Pope Francis said eternal damnation is not a torture chamber but distance from God.
If something like eternal damnation (Article 42) would exist, then that also would be an eternal disconnect (Rule 42) between the Abrahamic god and those who adhere to that god.
What are those Forty-Two Articles?
The Forty-Two Articles were intended to summarise Anglican doctrine, as it now existed under the reign of Edward VI, who favoured a Protestant faith. Largely the work of Thomas Cranmer, they were to be short formularies that would demonstrate the faith revealed in Scripture and the existing Catholic creeds. Completed in 1552, they were issued by Royal Mandate on 19 June 1553. The articles were claimed to have received the authority of a Convocation, although this is doubtful. With the coronation of Mary I and the reunion of the Church of England with the Catholic Church, the Articles were never enforced. However, after Mary’s death, they became the basis of the Thirty-nine Articles. In 1563, Convocation met under Archbishop Parker to revise the articles. Convocation passed only 39 of the 42, and Elizabeth reduced the number to 38 by throwing out Article XXIX to avoid offending her subjects with Catholic leanings. In 1571, the Article XXIX, despite the opposition of Bishop Edmund Gheast, was inserted, to the effect that the wicked do not eat the Body of Christ. This was done following the queen’s excommunication by the Pope Pius V in 1570. That act destroyed any hope of reconciliation with Rome and it was no longer necessary to fear that Article XXIX would offend Catholic sensibilities. The Articles, increased to Thirty-nine, were ratified by the Queen, and the bishops and clergy were required to assent.
Source: Wikipedia, 2018-03-15
I assume, that Carroll’s “forty-two” serves as a reference to Thomas Cranmer’s Forty-Two Articles and the last article hierin about eternal damnation. As far as I understand, eternal damnation was a controversial issue in the era of the Oxford Movement, and the Rev. C. L. Dodgson (aka Lewis Carroll) objected to the belief in eternal punishment in 1897, but his article on Eternal Punishment was not published during his lifetime. In the article, one of Dodgson’s points is that “αἰών” should be translated as “of indefinite duration”, not as “eternal”. (See p. 52 in Robert D. Sutherland’s Language and Lewis Carroll, 1970.) The controversy on eternal punishment seems not to have ended yet .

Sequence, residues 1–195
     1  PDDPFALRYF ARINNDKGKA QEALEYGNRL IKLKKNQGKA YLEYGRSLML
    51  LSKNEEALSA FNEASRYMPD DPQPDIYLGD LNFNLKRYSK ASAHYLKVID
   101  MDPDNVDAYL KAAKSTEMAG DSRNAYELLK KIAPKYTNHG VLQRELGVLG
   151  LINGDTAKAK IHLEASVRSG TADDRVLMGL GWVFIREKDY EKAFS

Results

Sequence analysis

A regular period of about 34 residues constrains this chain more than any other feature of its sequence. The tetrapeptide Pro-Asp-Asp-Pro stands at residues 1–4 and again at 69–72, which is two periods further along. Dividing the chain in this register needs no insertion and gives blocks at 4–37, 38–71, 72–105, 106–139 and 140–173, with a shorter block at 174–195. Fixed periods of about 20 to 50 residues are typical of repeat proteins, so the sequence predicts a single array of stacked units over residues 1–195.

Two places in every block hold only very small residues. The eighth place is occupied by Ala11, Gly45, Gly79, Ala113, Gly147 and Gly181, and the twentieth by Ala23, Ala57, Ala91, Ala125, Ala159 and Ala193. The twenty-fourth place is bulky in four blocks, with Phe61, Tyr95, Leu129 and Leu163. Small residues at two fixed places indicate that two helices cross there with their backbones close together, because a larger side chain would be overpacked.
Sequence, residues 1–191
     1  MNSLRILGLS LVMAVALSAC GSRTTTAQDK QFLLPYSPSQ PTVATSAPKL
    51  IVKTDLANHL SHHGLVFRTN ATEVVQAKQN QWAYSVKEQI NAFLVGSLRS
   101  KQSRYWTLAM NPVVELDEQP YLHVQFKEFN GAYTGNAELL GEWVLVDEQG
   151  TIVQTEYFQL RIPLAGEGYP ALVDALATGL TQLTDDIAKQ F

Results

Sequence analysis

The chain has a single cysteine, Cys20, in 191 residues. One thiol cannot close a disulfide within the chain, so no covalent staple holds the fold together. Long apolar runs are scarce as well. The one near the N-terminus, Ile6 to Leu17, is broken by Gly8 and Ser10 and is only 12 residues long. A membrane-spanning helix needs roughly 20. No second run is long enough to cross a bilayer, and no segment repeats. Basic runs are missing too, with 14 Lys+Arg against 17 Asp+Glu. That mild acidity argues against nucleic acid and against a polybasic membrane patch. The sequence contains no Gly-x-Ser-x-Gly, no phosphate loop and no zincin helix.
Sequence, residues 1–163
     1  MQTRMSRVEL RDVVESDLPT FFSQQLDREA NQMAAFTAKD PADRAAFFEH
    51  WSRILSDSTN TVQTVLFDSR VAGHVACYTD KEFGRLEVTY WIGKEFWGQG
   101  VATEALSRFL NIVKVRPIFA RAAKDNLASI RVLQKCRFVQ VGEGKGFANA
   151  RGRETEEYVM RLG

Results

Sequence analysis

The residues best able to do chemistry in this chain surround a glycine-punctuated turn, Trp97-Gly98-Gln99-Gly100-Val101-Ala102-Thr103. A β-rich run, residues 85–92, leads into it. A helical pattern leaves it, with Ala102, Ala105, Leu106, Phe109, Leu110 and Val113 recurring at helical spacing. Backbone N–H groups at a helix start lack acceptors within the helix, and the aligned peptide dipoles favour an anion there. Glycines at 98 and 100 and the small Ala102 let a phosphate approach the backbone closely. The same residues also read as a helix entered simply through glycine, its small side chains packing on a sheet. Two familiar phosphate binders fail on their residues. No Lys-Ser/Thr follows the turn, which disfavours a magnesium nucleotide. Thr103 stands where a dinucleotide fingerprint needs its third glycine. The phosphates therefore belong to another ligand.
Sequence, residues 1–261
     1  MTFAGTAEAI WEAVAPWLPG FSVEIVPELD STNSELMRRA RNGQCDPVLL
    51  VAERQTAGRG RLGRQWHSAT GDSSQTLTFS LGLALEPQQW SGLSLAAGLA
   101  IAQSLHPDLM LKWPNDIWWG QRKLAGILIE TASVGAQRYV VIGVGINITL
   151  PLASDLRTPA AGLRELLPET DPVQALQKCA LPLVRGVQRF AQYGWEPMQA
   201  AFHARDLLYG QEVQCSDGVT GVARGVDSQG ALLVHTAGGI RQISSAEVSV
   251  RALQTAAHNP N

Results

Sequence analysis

Today, “42” mostly is known as an answer to an unknown question. That answer had been revealed in a popular travel guide and invented by Douglas Adams as an answer to an unknown question. Of course neither Lewis Carroll nor Douglas Adams would have provided us with spoilers which could help us to understand their “42”. Holding your readers responsible for their interpretations is much more fun to writers like Adams and Carroll. Therefore Adams told us that the “42” just popped up in his mind out of the air when he enjoyed the view of his garden. And Carroll told us that the last line “For the Snark was a Boojum, you see!” in The Hunting of the Snark popped up in his mind during a walk near Guilford (incidentally the birthplace of Ford Prefect, and then again not his real birthplace).
Lewis Carroll’s Snark and Douglas Adams’ Guide (the BBC radio series) have more in common than just having fits instead of chapters. But among both authors, it probably was only the Reverend Dodgson to whom “42” had a special relevance in the history of the church, that vessel which had been snarked so many times.
2017-12-25, updated: 2018-07-06